Canine Equipment Ultimate Cooling Coat

Summer is in full swing, and that means that sunshine and heat are also making an appearance. While enjoying the weather can be fun, it’s also important to keep our four legged companions safe in warm temperatures. While dogs pant to help keep them cool, there are ways that we can help them regulate their core temperature to help prevent the risk of heat stroke. Cooling vests have been making frequent appearances in the dog community over the past few years and we were given the opportunity to put the Canine Equipment’s Ultimate Cooling Coat to the test!  Farley has a 20 inch back length but the suggested girth for that coat was larger than hers so we tried it in a size 18 and it fit perfectly. The cooling coat is offered in ten different sizes. We were able to test the coat during hikes, walks, in our yard, and dog park adventures over the past month in temperatures ranging from 27C to 32C (80F to 90F).

Photo credit: Stephanie White @farley_the_labrador

The Ultimate Cooling Coat is designed to be lightweight, ultra-absorbent, and allow for proper air circulation through the mesh panels. It’s purpose is to utilize maximum evaporative cooling pressing to help keep your dog comfortable in warmer temperatures. Evaporative cooling works by changing water to a vapor with the help of heat. When the water is evaporated, heat is also drawn, resulting in a cooler temperature. This is a similar process to perspiration for humans.

The Ultimate Cooling Coat is made up of PVA (Polyvinyl Alcohol) on the back and chest and mesh on the sides.  The coat is designed to slip over your dog’s head and the chest plate then attaches to the back of the coat with Velcro which allows for a quick and simple application process.  Because the jacket is designed to be an easy on/off we noticed that there were a number of places it wasn’t quite as fitted as we wanted it to be.  Notably there were gaps in the shoulder area when Farley was standing/walking/running. The jacket is thin and light enough to place a harness overtop which, for most dogs, would help keep it in place.

Photo credit: Stephanie White @farley_the_labrador

On our adventures the mesh was very easy to wet and required minimal water to saturate but the PVA was very difficult to fully wet and required a much more water than expected.  We had better results dunking it in water (e.g. a river or a lake) than pouring water on it as it had a slow absorption rate.  Once wet, it immediately felt cold. While other cooling vests have felt similar to wetting a towel and placing it on your body, the PVA felt very similar to Farley’s cooling mats. The mesh, however, did not remain cool for long as the sun heated and evaporated the water quite quickly.  The mesh remained wet and cool for about 20 minutes while the PVA remained wet and cold for about an hour. While the mesh did not appear to be beneficial on this coat, the PVA did make a noticeable difference and Farley would stop panting quite quickly.

While PVA does provide a great cooling effect, the material does have some downfalls as well. Canine Equipment recommends laying the coat flat to dry, as attempting to unfold can cause it to crack. Despite following these directions, the jacket dried quite stiff and made it difficult to fold for storage or to pack. We did not experience any cracking in the fabric while following the directions, although the material was very easy to scuff. There are a noticeable amount of dents and scrapes from Farley wearing the coat during less strenuous adventures.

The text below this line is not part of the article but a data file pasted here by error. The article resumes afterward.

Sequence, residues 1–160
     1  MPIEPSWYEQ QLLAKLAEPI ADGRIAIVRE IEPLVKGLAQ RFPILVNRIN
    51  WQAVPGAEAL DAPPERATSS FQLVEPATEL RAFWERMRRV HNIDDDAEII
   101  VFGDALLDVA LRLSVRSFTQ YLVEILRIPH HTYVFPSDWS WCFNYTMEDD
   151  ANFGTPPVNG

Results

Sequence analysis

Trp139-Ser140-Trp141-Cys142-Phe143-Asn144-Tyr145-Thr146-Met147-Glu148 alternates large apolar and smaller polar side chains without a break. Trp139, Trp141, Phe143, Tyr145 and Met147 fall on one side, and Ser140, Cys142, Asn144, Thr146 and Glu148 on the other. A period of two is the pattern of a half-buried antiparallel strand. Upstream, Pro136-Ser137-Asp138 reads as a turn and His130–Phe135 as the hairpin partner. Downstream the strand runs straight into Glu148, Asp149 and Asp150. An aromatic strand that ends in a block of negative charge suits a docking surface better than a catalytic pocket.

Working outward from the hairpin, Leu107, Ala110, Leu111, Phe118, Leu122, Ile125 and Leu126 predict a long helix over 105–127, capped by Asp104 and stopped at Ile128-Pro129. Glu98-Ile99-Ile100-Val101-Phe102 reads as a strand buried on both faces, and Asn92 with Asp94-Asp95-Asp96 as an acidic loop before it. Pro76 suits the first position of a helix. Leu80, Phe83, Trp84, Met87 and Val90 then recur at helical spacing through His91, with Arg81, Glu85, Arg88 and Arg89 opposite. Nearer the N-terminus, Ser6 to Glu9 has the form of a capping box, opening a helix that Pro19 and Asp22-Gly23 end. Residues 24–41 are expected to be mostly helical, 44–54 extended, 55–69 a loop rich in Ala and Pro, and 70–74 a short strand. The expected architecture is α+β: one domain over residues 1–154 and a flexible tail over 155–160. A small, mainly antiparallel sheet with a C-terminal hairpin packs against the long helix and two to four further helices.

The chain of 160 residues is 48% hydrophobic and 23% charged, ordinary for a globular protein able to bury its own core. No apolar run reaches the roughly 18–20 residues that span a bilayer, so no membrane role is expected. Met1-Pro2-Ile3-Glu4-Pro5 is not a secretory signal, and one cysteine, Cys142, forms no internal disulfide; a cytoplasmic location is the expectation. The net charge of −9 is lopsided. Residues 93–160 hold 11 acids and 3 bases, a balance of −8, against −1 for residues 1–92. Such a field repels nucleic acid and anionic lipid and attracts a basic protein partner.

Photo credit: Stephanie White @farley_the_labrador

We also found that the construction of the jacket left something to be desired.  We were pretty gentle on the coat and didn’t use it excessively in the month that we’ve had it and have found the seams are coming apart.  The stitching was loose in some areas when we took it out of the package.  The Velcro strips are quite thin and despite not being rough when adjusting the coat, the Velcro did begin to pull away.  If your dog likes to get a little crazy with their cooling coat on we don’t think that these straps would hold up.

Photo credit: Stephanie White @farley_the_labrador

Overall the PVA areas of the vest worked very well to cool Farley and the temperature difference was felt immediately. The mesh and Velcro could have benefited from a slightly higher quality of materials such as nylon straps and buckles. We likely wouldn’t use the vest during situations where we would not have access to a large water source due to the large quantity of water required to soak the PVA. The risk of material cracking would make us refrain from stashing the coat after use, making it difficult to bring on hikes or other adventures. We do however like how light and thin the coat is, allowing it to easily be rung out before use. While we may not choose this coat for our strenuous activities, we have found it to be beneficial while spending time in the yard or around town in hot weather and being able to re-wet it as needed.

The Ultimate Cooling Coat would work best for: Dogs taking part in less strenuous activities, those who adventure near with a large water source, those only spending a short amount of time in hot weather

The Ultimate Cooling Coat may not be ideal for: Dogs who are rough on gear, those with limited water access, extended periods in hot weather, those looking for a long term investment – we don’t expect this one to last

Farley’s measurements: Girth 27.5″ / Back Length 20″ / Weight 50 lbs

Ultimate Cooling Coat Size: 18

Review by: Dogs That Hike Explorer @farley_the_labrador

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